April 22, 2005

Earth to You

Earth Day -- April 22nd

Finding yourself at a loss about how best to celebrate Earth Day? If you’re not much for rallies and agit-prop theater, but you’ve got a gnawing worry that the world is going to hell in a handbasket, here are practically pain-free ways to become part of the solution.

Cancel those catalogues You thought you might start knitting during your downtime, bought some needles and a skein of yarn, but your scarf is six inches long and holding, and you’re inundated with catalogs and offers for knitting tchotchkas. Take a half-hour on a rainy evening and call the 800 ordering number listed in each catalogue. Ask them to remove you from their list, and to cease and desist from selling your information to other marketers. Voila, less junk mail, less temptation, and less landfill. Plus, you can work on your scarf while you’re on hold.

Opt out Yes, Earth Day was born in 1970 when everyone was tuning in and dropping out, but opting out is contemporary marketing lingo. Time was, you could “opt-in,” as in choose whether to request more information, services, or promotional junk. Now the onus is on you to just try and stop them. Marketers make megabucks selling and repurposing your personal information in their quest for “synergy.” Just say no. Your financial institutions are required to send you their privacy policy. Call the number listed, and opt out so they can’t share your data with anyone. Repeat with your credit card companies. Don’t sign paperwork that requires you to release your data in order to receive discounts or prizes. You’ll be amazed how the deluge of snail-mail spam slows to a trickle. While on hold, work on your scarf.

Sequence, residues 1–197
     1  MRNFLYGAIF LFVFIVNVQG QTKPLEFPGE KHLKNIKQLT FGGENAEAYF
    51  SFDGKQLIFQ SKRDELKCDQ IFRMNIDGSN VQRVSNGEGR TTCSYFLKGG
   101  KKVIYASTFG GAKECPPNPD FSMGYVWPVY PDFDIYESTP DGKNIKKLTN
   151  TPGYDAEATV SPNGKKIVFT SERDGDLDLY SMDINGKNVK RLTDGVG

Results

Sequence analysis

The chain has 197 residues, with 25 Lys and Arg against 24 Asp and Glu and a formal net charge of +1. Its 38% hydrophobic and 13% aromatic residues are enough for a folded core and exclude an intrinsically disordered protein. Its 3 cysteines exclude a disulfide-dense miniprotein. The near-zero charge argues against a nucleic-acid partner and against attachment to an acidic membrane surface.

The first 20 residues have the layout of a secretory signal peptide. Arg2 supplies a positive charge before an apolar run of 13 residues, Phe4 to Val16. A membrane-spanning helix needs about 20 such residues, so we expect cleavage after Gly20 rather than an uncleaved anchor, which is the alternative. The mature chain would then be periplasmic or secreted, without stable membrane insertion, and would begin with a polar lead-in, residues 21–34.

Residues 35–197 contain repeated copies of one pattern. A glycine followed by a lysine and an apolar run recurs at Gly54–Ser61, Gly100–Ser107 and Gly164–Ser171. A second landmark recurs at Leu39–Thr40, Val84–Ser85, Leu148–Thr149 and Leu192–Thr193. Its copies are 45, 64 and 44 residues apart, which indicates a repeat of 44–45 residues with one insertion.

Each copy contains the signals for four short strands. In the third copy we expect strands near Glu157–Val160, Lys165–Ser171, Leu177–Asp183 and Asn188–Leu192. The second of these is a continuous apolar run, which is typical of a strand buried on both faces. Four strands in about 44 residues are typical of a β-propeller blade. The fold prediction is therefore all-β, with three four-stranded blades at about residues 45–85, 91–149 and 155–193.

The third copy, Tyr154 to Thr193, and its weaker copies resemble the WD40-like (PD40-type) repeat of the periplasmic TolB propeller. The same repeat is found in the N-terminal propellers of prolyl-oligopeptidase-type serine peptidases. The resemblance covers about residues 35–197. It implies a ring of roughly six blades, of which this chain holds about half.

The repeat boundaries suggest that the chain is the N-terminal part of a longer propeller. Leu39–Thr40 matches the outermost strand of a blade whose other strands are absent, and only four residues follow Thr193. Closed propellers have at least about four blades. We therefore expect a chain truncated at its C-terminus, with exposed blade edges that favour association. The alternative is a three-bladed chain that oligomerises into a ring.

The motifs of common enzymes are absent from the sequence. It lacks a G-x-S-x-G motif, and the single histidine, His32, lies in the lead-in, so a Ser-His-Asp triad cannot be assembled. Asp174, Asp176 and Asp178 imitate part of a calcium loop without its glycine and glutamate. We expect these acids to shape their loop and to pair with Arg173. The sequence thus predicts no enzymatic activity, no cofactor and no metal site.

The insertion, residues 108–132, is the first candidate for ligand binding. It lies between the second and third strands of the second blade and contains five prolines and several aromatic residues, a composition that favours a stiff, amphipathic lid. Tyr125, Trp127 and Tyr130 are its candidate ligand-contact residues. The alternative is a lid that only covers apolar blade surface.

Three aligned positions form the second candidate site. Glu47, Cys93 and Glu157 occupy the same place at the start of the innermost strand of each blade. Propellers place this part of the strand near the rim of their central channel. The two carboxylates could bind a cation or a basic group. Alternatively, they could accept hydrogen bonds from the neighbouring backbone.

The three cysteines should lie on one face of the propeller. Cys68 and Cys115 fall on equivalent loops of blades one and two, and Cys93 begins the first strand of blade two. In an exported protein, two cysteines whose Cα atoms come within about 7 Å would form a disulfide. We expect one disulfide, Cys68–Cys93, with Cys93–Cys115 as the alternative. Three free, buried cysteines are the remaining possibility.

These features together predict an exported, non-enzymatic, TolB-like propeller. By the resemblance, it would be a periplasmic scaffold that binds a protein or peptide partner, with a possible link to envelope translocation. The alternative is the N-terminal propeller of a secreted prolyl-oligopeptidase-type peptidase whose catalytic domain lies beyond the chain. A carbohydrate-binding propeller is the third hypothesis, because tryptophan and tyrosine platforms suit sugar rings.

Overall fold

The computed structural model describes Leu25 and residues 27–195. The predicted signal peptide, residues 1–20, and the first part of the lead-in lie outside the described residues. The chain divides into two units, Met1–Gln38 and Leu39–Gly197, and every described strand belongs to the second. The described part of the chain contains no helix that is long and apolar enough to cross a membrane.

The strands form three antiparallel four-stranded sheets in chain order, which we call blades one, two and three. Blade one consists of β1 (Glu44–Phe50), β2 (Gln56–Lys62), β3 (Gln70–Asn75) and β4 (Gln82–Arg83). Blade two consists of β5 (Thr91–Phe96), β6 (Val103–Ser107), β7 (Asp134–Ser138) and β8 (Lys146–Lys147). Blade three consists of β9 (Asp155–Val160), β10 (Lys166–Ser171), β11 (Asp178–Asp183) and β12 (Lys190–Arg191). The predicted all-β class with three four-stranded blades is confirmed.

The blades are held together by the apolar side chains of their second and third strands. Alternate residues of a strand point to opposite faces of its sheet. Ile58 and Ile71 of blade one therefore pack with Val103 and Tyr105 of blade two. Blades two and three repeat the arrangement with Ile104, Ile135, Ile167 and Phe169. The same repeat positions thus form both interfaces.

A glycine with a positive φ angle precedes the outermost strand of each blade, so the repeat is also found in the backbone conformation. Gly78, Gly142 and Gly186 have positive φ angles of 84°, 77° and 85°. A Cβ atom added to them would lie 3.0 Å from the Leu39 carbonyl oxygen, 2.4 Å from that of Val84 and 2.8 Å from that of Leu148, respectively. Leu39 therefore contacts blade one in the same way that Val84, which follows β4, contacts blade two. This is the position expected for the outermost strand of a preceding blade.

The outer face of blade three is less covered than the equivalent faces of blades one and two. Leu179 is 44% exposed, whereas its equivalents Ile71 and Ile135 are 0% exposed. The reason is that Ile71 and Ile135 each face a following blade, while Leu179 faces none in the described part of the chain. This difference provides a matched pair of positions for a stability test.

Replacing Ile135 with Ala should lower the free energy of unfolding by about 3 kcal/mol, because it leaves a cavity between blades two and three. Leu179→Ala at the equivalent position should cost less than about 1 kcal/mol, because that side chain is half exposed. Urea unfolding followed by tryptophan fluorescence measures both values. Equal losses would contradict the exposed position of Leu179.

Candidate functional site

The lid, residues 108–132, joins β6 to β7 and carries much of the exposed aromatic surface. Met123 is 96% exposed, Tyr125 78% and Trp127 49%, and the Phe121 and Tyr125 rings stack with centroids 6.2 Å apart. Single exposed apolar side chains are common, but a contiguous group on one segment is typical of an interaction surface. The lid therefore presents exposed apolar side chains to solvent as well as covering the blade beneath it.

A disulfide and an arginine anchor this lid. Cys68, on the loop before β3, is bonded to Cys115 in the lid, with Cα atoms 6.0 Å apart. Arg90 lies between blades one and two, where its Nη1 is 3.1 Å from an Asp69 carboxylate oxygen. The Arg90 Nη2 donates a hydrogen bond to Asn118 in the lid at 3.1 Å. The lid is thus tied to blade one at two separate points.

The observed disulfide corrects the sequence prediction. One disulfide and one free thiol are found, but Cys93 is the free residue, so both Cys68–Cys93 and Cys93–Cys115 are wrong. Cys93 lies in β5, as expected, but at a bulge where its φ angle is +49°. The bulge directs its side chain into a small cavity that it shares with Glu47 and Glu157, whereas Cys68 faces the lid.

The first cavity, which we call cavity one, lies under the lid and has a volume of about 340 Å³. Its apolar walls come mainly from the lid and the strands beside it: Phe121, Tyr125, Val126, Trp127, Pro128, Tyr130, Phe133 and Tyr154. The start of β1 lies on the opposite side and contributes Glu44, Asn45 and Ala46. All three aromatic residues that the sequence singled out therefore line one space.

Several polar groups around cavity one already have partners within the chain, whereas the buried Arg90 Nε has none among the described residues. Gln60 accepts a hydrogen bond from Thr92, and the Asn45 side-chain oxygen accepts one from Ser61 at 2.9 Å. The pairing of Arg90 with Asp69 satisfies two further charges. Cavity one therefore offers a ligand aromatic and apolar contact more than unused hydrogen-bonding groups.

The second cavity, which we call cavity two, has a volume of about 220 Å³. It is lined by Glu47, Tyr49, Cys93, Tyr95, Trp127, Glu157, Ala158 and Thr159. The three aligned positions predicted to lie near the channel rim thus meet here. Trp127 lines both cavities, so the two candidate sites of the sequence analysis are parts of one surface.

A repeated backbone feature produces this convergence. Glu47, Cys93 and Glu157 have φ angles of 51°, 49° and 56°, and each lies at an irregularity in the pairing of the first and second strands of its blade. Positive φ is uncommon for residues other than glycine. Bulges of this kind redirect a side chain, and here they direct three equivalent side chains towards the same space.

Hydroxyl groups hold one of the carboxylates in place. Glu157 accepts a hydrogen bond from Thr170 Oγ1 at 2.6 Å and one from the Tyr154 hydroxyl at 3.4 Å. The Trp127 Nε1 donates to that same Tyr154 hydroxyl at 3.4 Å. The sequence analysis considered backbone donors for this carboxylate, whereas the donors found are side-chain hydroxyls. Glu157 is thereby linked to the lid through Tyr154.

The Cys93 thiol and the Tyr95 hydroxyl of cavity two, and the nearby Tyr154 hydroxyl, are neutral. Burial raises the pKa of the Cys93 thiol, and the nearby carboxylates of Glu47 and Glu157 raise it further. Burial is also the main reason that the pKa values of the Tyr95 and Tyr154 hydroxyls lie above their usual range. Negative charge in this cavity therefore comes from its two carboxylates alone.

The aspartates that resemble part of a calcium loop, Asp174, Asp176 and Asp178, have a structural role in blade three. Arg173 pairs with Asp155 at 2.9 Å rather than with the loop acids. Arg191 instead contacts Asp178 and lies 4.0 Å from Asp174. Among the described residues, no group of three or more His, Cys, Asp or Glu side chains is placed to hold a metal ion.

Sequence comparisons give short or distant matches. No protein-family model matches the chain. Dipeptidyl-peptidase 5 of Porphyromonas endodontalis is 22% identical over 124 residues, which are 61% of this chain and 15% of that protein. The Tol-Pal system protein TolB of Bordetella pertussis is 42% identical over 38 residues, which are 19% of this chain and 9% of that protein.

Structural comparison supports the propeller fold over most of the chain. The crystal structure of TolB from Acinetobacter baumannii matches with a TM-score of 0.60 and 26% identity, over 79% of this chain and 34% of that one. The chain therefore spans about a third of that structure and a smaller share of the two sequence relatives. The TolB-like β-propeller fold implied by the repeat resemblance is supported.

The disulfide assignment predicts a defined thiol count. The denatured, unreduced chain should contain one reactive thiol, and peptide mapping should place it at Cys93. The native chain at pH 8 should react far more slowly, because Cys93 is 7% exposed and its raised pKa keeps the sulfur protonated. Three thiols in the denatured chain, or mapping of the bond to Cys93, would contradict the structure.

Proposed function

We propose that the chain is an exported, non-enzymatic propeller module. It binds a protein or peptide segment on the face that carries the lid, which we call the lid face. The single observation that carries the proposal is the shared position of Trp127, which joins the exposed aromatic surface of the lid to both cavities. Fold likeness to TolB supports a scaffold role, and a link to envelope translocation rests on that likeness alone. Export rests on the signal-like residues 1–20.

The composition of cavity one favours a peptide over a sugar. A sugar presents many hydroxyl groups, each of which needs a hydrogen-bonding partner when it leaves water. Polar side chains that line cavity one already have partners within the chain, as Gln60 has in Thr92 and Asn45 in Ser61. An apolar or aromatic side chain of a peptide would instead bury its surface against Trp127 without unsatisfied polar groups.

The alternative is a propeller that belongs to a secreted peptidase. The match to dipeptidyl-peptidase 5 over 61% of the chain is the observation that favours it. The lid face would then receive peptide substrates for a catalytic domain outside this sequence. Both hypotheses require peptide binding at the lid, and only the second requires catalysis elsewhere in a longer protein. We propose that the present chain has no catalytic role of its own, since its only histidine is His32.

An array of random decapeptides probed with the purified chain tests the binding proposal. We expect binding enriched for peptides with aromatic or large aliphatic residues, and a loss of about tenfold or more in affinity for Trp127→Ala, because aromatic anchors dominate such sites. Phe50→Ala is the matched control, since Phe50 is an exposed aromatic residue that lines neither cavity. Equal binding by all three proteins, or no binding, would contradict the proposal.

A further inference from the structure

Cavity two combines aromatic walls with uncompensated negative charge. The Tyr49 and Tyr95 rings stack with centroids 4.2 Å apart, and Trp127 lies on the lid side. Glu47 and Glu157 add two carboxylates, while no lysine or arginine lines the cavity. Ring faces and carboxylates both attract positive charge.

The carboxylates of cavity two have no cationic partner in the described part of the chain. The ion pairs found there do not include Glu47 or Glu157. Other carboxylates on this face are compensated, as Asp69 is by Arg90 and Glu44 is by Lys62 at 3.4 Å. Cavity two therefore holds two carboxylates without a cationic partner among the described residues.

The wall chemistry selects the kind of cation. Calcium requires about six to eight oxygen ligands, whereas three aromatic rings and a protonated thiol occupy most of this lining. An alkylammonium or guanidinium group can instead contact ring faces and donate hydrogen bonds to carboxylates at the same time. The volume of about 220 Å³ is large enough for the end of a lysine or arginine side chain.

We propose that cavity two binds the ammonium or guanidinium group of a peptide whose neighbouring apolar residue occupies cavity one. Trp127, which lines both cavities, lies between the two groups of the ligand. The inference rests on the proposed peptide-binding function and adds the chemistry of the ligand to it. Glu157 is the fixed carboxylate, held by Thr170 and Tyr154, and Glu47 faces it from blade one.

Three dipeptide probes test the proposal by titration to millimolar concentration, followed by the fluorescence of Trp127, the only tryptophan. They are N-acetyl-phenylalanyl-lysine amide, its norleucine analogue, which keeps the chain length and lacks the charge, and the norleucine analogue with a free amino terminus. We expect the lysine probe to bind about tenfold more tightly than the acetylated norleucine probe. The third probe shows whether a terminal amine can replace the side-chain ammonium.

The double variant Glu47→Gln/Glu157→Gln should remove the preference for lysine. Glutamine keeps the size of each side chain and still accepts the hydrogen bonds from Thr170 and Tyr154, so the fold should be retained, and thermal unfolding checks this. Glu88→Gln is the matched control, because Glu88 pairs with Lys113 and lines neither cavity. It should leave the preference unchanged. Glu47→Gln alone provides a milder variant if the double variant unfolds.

Freecycle A combination of recycling and Christmas, local Freecycle groups nationwide hook up people who want with people who have. Google “Freecycle” to find your local chapter. You’ll join an e-mail list where people are posting all sorts of junk, and other people are snapping it up. Seen this afternoon alone on the New York City Freecycle list: A 10-speed bike, a cordless phone, one of those thingies for your car that holds cups and change, some tarnished silverware, and the January issue of Playboy. The list moderator stepped in at that point to admonish all members that items must be legal and appropriate for all ages. Freecycling is the apotheosis of guilt-free decluttering. Freecycle those needles and yarn at this point.